When I stepped up to the lectern to welcome people to St. James yesterday, I had an urge to look at the calendar. It wasn’t Christmas or Easter, but attendance at the morning worship service suggested that it might be.
The biggest bump in attendance may be attributed to the number of Scouts and their families who chose to worship with us as we celebrated SJPC’s long-standing relationship with Scouts in central Pennsylvania. Thanks to Christy O’Neill for organizing this event and to Troop 276 Committee Chair Phil Kehoe, Pack 279 Cubmaster Matt Weitzel and Tiger Den Leader Tim Pyle for attracting so many families to the church.
I am especially grateful to the Scouts who led worship with me, namely Padraig O’Neill (Call to Worship and Opening Prayer), Steven Lange (Prayer for Illumination and Old Testament Reading) and Mikhail Kehoe (New Testament Reading). I also appreciate the contributions of those Scouts who served as ushers and greeters: Charlie Bell, Bryson Dennis, Aaron Grinberg, Patrick Kehoe, Grayson Pyle, Nicholas Silcox, Nick Treadwell, Austin Weitzel and Evan Weitzel.
Writing a sermon for the service like the one in which we shared yesterday is tricky, because, on one hand, worship is worship regardless of what is happening around us. On the other hand, services inevitably assume the personality of the congregation who participates in them.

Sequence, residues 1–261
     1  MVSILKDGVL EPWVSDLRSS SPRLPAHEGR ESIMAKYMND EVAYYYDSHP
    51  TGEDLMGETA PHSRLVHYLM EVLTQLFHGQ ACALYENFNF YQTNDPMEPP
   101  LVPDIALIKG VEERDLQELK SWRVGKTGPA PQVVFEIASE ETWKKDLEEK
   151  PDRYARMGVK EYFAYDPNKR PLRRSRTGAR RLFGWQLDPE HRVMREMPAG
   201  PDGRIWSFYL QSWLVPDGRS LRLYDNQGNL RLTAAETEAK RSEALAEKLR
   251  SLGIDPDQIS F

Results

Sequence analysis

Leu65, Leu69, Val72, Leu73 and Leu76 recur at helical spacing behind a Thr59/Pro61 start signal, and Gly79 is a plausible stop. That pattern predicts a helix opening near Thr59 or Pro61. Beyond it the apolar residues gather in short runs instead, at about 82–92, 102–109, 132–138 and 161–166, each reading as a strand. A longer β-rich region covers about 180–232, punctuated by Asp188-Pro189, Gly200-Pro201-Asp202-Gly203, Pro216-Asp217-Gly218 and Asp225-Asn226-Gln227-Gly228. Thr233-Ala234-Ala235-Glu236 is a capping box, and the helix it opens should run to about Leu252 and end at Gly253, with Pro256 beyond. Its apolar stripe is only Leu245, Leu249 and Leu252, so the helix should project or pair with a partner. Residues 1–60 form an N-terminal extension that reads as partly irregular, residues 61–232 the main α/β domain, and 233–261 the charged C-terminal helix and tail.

Since my scouting experience is limited, I did not have any personal stories to share as sermon illustrations. However, I did go to the places in my memory where stories that I thought would resonate with the congregation’s Scouting experiences are stored.
I reminisced about my participation in Presbytery Border Ministry (which later morphed into Presbyterian Border Outreach), because this collection of stories features me at my most rugged (and, of course, the punchline of the story that I shared is that me, at my most rugged, is not very rugged at all).
The story about busting rock on the side of a mountain in Mexico is set outdoors and with a group. As I have listened to Scouts share their stories over the years, I know that camping in the mountains with people who make you laugh, learn and love is a big part of the appeal.
Scouting in the United States is changing, and soon will look more like Scouting in other parts of the world. Given the theme of yesterday’s service, I suppose that one might say that a transfiguration of sorts is taking place. As these changes unfold, I hope that this change will not be experienced as loss and that there will not be too much anxiety about the future (although I recognize that a little anxiety about evolution is natural).
Scouts, like churches, strive to serve God and neighbor to the utmost of their ability, and such senses of calling are constantly driving us to update and expand our skill sets according to God’s will for us all.
One of the highlights of yesterday’s service, as far as I am concerned, was when I invited everyone who has ever been part of Scouting to stand, and three-quarters of the congregation, maybe more, stood up. Nothing illustrates the church’s commitment to Scouting or gives me hope for the future of Scouting at SJPC as does this scene.
The future of Scouting at SJPC is bright. I pray, to quote yesterday’s New Testament reading: that it is “dazzling white.”